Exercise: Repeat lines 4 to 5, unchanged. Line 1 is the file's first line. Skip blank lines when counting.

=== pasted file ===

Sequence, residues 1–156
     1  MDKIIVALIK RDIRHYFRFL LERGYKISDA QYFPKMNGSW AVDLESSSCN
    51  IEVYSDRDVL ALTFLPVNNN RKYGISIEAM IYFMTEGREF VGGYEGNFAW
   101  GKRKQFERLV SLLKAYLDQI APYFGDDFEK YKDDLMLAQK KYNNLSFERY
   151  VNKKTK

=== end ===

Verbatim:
   101  GKRKQFERLV SLLKAYLDQI APYFGDDFEK YKDDLMLAQK KYNNLSFERY
   151  VNKKTK